The Treasury Department received mixed results on its fiscal year 2019 FISMA audit, with few weak spots identified but still falling below the level of effective, according to the audit released October 25 by the department’s inspector general.

With six component agencies included in the audit and 12 components across the department making up a fragmented IT environment, the audit called out specific weaknesses at certain agencies rather than assessing the department’s systems as a whole. In total, the department scored a Level 3 on the audit, with Level 3 maturity across seven of the eight areas of the FISMA maturity model – falling below the Level 4 threshold for effectiveness set by the Department of Homeland Security.

The component that came under the most fire was the United States Mint, which had weaknesses in three FISMA domains. The agency did not establish a privacy program with defined mechanisms and full documentation. Another area flagged was the Mint’s oversight of personnel access to systems, as some users did not sign the required rules of behavior or complete security awareness training in a timely manner. The Mint also did not implement specialized security training requirements, with roughly 20 percent of employees not completing their IT security training.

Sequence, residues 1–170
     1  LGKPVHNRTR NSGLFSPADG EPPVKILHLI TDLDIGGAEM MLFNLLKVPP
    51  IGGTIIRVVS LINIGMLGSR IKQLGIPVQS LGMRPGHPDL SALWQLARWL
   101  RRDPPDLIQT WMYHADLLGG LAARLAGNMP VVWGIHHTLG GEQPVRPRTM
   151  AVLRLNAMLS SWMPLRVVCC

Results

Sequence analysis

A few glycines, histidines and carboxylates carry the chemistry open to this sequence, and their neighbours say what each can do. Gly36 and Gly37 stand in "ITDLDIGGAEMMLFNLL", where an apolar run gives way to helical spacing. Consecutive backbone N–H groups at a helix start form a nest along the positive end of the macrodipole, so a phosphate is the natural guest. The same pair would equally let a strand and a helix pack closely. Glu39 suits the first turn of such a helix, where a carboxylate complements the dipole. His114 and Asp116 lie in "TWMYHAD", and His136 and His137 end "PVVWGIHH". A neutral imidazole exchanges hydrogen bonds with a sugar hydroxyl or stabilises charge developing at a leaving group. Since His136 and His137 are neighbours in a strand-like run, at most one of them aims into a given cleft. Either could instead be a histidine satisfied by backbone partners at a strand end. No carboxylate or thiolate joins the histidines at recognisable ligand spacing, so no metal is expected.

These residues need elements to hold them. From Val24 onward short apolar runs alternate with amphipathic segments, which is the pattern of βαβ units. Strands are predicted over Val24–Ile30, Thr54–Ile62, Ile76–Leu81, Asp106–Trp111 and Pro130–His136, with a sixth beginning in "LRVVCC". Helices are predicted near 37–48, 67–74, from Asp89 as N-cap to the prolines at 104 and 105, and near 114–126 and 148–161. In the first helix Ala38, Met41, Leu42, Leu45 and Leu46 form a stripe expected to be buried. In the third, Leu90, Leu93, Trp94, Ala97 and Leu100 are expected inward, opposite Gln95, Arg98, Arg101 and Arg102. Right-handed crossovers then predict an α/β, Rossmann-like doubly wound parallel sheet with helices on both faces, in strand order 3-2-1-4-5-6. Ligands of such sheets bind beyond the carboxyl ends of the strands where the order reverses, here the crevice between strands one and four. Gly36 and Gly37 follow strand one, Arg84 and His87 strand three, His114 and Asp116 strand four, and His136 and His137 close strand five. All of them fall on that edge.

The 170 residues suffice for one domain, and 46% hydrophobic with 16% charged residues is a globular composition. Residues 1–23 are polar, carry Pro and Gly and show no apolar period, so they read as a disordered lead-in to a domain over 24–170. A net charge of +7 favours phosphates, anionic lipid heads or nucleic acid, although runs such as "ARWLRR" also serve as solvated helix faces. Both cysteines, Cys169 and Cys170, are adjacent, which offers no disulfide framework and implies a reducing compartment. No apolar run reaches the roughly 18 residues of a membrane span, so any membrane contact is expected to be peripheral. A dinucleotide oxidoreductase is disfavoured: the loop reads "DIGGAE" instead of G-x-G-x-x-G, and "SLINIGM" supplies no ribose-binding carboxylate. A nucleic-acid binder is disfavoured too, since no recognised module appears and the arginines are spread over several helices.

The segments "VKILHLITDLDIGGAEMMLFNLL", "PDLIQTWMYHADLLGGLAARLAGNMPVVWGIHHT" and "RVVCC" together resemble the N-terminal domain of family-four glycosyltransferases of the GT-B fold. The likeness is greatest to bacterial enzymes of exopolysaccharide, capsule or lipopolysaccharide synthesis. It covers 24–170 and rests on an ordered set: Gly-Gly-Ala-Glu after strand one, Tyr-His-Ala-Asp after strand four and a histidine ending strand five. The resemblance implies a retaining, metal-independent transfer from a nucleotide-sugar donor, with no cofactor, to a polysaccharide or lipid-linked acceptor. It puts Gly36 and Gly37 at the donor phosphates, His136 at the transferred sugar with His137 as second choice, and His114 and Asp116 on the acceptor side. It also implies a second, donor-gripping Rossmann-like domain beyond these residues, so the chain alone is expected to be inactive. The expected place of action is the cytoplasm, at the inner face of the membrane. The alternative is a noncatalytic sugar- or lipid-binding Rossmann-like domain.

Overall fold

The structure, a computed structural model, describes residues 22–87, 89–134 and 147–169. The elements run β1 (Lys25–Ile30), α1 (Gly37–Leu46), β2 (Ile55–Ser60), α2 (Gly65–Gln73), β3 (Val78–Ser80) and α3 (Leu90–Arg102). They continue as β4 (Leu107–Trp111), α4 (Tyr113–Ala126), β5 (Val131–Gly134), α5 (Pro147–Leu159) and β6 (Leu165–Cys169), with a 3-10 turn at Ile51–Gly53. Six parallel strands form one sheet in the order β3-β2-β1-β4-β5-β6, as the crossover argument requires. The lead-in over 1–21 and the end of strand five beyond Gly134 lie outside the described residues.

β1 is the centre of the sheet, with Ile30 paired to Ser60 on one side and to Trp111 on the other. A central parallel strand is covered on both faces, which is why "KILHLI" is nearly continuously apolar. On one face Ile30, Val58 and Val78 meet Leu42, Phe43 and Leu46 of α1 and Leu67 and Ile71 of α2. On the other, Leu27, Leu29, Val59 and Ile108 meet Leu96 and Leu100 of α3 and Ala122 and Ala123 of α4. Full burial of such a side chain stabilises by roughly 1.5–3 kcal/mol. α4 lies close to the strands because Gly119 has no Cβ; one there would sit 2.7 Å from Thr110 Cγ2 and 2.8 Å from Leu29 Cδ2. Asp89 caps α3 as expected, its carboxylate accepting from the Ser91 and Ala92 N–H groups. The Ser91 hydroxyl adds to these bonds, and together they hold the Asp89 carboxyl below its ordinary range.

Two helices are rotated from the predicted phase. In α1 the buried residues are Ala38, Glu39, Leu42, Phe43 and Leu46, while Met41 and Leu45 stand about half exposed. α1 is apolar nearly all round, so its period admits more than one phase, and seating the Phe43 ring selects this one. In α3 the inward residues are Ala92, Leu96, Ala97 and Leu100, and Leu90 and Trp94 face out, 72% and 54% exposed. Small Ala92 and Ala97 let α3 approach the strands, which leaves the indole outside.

“Mint does not have effective mechanisms in place to ensure the timely completion of role-based specialized IT security training,” the audit states.

Along with the Mint, the Bureau of the Fiscal Service and the department’s central offices struggled with access management and data encryption controls. The Fiscal Service lacked documentation on encryption of data in transit, while departmental offices didn’t conduct semi-annual user access reviews for privileged users.

The audit highlights weaknesses for the configuration management domain at the Fiscal Service and the Bureau of Engraving and Printing (BEP), raising concerns over the configuration management at BEP and documentation at the Fiscal Service. BEP noted that it did not update and approve new baseline configuration standards due to competing priorities, while the Fiscal Service said that a new software tool and competing priorities kept the agency from creating baseline documentation.

The audit made 14 recommendations to the department, all of which Treasury officials agreed to implement.

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MeriTalk Staff